Hawke's Bay Pinot Noir

Hawke's Bay Pinot Noir Image

Think New Zealand Pinot Noir and you may think Martinborough... however Hawke's Bay is the new kid on the block with some stunning wines!

Whilst we are currently exploring the wonders of Pinot Noir I thought it would be good to shed a little insight into the region and winery which has produced the beautiful Cellar Selection and Pleateau Pinot Noir which we are currently featuring.

The below article exert explains how Sileni use two different cool climate vineyards to produce their two very different Pinot Noirs.

Enjoy! X

 

Hawke's Bay Pinot Noir

This story first appeared in New Zealand Winegrower magazine, August 2016.

Let's play a word game: a winemaker says cool climate, active limestone and early ripening black grape variety. You say a black grape that fits the bill, which consumers know, like and want to buy.

If Pinot Noir springs to your lips, Hawke's Bay probably doesn't spring to mind because it has historically been considered this country's most suitable region for mid to late ripening grapes, such as Merlot, Cabernet Sauvignon and Syrah.

The region's winemakers are now keen to add another string to their red winemaking bow and they are increasingly experimenting with earlier ripening black grapes than traditional wisdom dictated.

Enter Pinot Noir and Gamay.

'The Plateau' Pinot NoirThe two can stand on their own two feet and can also, literally, be thrown together to make Bourgogne Passetoutgrains, whose French name means all thrown together. This wine comes from Burgundy and must contain at least 30 percent Pinot Noir. It is described as a red thirst quencher in the new Oxford Companion to Wine and, while very little leaves France, a significant amount is produced there; almost two thirds the amount of Bourgogne Rouge.

The concept was inadvertently used by Grant Edmonds, head winemaker at Sileni Estates in Hawke's Bay, where the winemaking team are sourcing Pinot Noir from vineyards in cooler areas in the Bay than where their Merlot and later ripening grapes grow.

They have also blended a smidgeon of Gamay into one of the winery's accessibly priced Pinot Noirs, with good success. The amount was well below the threshold of 14.9% – it was in fact less than 5% – so did not need to be and was not named on the label.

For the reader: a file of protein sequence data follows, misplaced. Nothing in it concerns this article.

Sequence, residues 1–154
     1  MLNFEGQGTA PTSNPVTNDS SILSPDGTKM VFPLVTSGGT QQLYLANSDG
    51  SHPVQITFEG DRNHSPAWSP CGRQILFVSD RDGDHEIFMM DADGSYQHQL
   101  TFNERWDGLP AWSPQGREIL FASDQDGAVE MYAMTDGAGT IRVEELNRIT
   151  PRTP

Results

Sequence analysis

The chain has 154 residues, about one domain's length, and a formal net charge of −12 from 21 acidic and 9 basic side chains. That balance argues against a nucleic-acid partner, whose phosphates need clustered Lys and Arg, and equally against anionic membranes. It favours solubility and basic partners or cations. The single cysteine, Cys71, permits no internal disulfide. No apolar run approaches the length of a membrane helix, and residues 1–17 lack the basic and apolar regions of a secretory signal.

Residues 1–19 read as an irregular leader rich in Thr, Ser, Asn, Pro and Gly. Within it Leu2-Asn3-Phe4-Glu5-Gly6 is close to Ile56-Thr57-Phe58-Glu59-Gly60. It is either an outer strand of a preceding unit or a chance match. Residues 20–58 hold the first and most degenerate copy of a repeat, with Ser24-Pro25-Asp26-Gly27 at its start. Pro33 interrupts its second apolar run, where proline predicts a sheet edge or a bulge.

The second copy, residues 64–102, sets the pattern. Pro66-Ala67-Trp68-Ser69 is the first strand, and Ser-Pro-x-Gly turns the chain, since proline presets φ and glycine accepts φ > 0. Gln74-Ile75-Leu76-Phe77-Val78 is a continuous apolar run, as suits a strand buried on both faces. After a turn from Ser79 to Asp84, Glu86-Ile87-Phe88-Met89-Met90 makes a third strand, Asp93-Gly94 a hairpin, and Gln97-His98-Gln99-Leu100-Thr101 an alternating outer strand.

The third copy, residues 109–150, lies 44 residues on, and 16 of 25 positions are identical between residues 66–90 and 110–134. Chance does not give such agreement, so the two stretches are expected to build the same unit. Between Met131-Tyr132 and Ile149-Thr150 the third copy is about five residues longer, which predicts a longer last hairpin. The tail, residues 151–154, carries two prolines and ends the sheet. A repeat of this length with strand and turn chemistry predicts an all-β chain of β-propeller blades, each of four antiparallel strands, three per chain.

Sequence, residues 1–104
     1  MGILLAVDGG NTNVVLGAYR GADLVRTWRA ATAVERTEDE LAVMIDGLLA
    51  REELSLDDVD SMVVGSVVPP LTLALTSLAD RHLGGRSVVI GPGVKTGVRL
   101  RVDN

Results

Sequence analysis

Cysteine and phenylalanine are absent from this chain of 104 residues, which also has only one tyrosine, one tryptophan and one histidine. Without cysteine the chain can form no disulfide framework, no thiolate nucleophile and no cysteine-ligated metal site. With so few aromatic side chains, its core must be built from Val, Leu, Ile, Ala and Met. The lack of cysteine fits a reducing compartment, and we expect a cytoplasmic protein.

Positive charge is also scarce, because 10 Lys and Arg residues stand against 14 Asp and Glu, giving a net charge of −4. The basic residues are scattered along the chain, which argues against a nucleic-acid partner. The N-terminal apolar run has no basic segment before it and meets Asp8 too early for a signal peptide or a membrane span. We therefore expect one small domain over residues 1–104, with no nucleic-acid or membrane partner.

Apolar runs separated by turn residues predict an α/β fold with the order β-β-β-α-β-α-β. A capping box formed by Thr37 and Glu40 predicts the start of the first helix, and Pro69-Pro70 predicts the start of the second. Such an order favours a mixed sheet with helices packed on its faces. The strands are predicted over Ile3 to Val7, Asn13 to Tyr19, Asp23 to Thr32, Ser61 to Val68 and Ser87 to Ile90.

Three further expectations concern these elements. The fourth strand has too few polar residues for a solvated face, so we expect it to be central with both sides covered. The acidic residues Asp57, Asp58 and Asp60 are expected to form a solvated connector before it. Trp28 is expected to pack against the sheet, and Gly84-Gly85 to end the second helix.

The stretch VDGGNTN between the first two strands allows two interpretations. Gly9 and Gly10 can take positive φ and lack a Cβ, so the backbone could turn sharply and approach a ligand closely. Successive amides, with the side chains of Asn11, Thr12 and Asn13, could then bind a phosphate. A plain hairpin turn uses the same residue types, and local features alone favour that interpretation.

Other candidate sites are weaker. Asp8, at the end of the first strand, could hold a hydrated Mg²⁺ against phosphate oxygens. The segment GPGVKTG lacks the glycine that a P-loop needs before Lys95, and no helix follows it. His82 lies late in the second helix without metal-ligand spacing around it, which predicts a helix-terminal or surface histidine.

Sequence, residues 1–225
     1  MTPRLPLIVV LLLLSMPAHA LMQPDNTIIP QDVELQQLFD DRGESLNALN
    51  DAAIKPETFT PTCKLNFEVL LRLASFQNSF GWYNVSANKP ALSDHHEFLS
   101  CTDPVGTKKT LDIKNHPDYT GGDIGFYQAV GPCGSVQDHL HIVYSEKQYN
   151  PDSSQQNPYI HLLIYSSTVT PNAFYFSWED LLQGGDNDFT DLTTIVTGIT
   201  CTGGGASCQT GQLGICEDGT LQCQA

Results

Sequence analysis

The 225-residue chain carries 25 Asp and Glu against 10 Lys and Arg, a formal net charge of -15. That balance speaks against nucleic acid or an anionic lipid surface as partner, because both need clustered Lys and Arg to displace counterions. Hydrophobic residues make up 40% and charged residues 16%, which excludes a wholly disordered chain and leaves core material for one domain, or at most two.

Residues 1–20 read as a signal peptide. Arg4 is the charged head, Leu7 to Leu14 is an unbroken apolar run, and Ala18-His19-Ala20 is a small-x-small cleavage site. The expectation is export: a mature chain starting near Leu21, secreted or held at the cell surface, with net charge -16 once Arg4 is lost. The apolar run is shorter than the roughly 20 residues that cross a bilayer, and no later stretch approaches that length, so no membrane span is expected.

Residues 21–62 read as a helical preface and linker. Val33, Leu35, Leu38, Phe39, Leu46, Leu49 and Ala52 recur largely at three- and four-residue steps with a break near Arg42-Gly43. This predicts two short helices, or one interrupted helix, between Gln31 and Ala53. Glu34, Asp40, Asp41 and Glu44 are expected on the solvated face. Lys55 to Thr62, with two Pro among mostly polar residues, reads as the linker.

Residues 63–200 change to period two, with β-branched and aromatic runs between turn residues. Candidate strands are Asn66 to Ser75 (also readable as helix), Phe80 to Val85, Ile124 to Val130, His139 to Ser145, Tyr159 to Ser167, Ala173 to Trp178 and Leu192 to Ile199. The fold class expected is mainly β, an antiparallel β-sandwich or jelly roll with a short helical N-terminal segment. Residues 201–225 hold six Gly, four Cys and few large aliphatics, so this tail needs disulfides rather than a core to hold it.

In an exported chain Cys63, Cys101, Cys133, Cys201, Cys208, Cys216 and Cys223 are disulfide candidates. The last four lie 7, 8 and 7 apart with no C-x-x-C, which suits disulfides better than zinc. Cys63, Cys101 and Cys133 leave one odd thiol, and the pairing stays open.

“We get a little bit of Gamay from a grower and we find it works well as part of the blend. It has good colour, which is always handy to have with Pinot Noir,” Edmonds says.

Pinot Noir is the second most planted grape variety at Sileni Estates and is gaining importance for the winery, which is one of the biggest producers in Hawke's Bay.

Edmonds and his winemaking team are sourcing Pinot Noir from two relatively cool climate vineyards.

The first of these is at Te Awanga, where the growing season is shortened by the cool coastal winds and the second is inland at Mangatahi, on the south side of the Ngaruroro River. The vineyard there is 120 metres above sea level, which instantly knocks one degree Celcius off its ripening temperatures.

The winds that sweep along this exposed hillside vineyard (planted at 150 metres above sea level) also cools down the temperatures there.

In viticultural terms, Edmonds suggests that the grapes ripening on this vineyard are ready to pick Sileni Cellar Selection Pinot Noirapproximately seven to 10 days later than the other grapes that he sources from the plains.

“This is the difference between Bordeaux and Burgundy in terms of temperature. When we look at where the potential is to expand vineyards for Pinot Noir, we are looking beyond here to areas, such as the old river beds in Central Hawke's Bay, mainly Waipawa and Waipukurau across to Highway 50 and beyond.”

Edmonds is not alone in seeing Pinot Noir's positive potential in the Bay but because Sileni Estates' wine production is relatively large, he can see it having a significant impact on the volume of Pinot from the Bay. He is therefore keen to shape a positive profile for Pinot Noir there.

For the full article click here: http://www.joellethomson.com/2016/08/13/hawkes-bay-pinot/

 

 

Last Updated: 07/09/2016
Author: Sarah Hattersley
Sarah Hattersley

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